Here’s an excerpt from a review by Dan McClenaghan at All About Jazz:

“The twelve tunes presented here are masterfully arranged. The orchestral setting never overpowers the message or sound, and Daversa’s trumpet, out front, is soulful and empathic, serving as the narrator of Loren and Justin Morell’s journey.

“There have been great orchestral jazz albums in the past: Charlie Parker’s early 1950s shot across the bow, of course, and the previously mentioned Wallace Roney and and Bob Belden discs; saxophonist Art Pepper‘s Winter Moon (Galaxy Records, 1981), alto saxophonist Paul Desmond‘s Desmond Blue (RCA Victor, 1962), and the Claus Ogerman/Michael Brecker collaboration Cityscape (Warner Brothers, 1982). All Without Words: Variations Inspired By Loren rises to that level of great artistry and beauty.”

Thank you very much Dan!

Here’s an excerpt from a review by R.A. Miriello at Notes on Jazz:

“A twelve-piece concerto that, independent of the source of its inspiration, stands on its own as a gorgeous and impressive piece of work. The music has moments of majesty and poignancy accentuated by warm and achingly moving string section work… Daversa is an extremely creative artist who uses his trumpet as an expressive voice that he has employed throughout with aplomb and sensitivity. Morell’s magical arrangements for orchestra is quite impressive. He evokes a cornucopia of textures, rhythmic interest and aural beauty. He has successfully used his music to promote understanding and for that we must all be thankful.”

Many thanks to R.A.

This is from a review by Carlo Wolff at Downbeat Magazine:

“All Without Words is an ambitious concerto for trumpet and orchestra that gives voice to the voiceless in more ways than one… a long, serious work with a complex agenda, primarily an aim to heal.”

Thank you Carlo.

Here’s an excerpt from Jerome Wilson’s review at All About Jazz:

This music would sound wonderful even without its context. Knowing where it came from makes it infinitely more powerful. John Daversa’s trumpet playing is masterful throughout, giving the element of mercurial, unceasing life to the compassionate vistas Justin Morell composes. For beauty and heart, this music is above and beyond anything else around today. It is an outstanding recording.”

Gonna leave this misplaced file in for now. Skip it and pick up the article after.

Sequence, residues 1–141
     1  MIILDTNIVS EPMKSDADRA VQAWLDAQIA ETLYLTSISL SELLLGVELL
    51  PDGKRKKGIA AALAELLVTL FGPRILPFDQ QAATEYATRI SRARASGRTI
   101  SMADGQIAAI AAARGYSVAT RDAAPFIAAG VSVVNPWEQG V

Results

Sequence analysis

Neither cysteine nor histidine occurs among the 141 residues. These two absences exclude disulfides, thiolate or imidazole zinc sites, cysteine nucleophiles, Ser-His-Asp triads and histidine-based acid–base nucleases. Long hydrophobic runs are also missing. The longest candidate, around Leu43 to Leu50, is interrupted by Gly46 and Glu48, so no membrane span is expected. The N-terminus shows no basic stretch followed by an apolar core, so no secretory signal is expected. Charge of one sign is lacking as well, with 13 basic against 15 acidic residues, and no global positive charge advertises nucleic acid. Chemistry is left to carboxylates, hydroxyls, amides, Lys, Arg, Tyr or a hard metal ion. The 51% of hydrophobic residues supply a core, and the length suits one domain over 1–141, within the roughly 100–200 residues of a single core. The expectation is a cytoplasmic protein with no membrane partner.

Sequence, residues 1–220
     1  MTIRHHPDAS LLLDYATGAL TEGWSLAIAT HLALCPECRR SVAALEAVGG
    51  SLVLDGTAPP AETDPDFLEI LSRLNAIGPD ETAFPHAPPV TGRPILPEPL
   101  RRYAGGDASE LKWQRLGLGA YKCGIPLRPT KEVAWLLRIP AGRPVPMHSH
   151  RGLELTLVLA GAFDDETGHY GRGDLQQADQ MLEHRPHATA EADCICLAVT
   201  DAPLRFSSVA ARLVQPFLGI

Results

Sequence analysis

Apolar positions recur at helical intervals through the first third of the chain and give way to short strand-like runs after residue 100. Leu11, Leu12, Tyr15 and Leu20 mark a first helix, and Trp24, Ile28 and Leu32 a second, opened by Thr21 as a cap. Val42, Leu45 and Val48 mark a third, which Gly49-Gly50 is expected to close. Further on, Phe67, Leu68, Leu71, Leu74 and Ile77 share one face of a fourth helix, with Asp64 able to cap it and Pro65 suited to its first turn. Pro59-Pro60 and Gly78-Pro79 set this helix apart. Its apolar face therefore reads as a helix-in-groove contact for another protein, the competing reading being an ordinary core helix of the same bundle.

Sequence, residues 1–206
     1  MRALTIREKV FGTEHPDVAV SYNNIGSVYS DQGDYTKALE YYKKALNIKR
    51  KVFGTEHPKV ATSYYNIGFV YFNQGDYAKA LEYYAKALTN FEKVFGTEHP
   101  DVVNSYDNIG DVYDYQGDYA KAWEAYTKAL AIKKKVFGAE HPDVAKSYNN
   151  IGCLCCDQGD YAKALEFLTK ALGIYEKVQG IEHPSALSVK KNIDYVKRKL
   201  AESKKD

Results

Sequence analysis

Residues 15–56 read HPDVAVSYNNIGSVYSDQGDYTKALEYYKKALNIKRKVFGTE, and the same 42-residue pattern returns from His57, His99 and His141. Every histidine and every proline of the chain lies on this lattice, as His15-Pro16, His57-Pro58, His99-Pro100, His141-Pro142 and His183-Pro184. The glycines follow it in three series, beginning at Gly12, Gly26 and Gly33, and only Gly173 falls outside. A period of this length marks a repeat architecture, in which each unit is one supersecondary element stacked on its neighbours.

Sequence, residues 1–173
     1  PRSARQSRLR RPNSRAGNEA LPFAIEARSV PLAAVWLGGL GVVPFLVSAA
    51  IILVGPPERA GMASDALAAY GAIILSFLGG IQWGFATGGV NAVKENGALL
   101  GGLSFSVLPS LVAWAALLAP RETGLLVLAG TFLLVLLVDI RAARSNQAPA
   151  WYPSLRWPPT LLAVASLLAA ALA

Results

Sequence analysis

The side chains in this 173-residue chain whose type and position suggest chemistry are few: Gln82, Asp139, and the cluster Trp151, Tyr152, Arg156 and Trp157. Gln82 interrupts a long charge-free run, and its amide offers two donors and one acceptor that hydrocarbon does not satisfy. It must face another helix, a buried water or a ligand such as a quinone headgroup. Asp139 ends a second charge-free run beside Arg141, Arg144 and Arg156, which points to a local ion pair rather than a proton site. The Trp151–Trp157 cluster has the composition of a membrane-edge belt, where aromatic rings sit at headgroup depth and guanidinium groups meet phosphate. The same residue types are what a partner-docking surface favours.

Thank you Jerome!

Here’s an excerpt from a review byContemporary Fusion Reviews:

“. . . If your ears yearn for music that is expressively beautiful and jam-packed with exciting orchestral ingenuity, you will find the 6:32 “Two Steps Forward” very much to your liking… amazing players and rock-solid recording make this one of the (very) best trumpet-led tunes I have heard (yet) in 2021!”

Many thanks to Dick Metcalf.

Here’s an excerpt from a review by Jim Hynes at Making a Scene:

“This work should raise awareness of autism and draw considerable attention for its stunningly gorgeous musicianship. Given that the trumpet is the solo instrument, it will evoke those Miles Davis-Gil Evans orchestral collaborations, but this is much different musically, is played with a much larger group of orchestra members, and importantly is a heartfelt work that serves an important purpose. . . . one of the most beautifully eloquent pieces of music this writer has heard in recent memory, certainly in this year of 2021 so far.  Expect to see it in Grammy conversations both for Morell in composition and for Daversa’s amazing work as soloist.”

Thank you very much Jim!

Here’s an excerpt from a review by Jonathan Widran at JW Vibe:

Besides the sheer enjoyment of listening to Daversa, Morell, and a community of dedicated musicians for an hour, the collection serves as a heartfelt, loving way to understand just how music is somehow able to communicate what mere spoken words can only attempt to.”

Thank you Jonathan!

Here’s an excerpt from a very generous review by Dee Dee McNeil at Musicalmemoir’s Blog:

“Here is a tender, gorgeous album.  John Daversa becomes the voice of a voice-less child in the most perfect and soulful sense. . . . The orchestra transmits to us emotionally, via these amazing musicians, with their colorful arrangements.  It’s an awesome combination of composer magic and musicians who play life into their music.  I found Daversa and Morell’s project to be peaceful and healing; inspired and lovely.”

Thank you Dee Dee!

An excerpt from a review by Marc Phillips in The Vinyl Anachronist:

The John Daversa Jazz Orchestra certainly treats this composition with the sensitivity it deserves, but Daversa goes one step further. His trumpet here has a little more intensity than in the past recordings I’ve heard, and there’s subtle shadings–despair, frustration, introspection–that give this dynamic music and intense and consistent mood, one more layer to the meanings. That suggests the genius of John Daversa and Justin Morell, and how they created a piece of music that is so vivid and perhaps even loquacious that it doesn’t need words.”

Many thanks Marc!

Here’s a very nice article at Stages Learning.  Thank you to Leslie Stebbins.

Here’s a very kind post about All Without Words from Ido in Autismland.  Thanks Ido!

An excerpt from a review by Take Effect Reviews: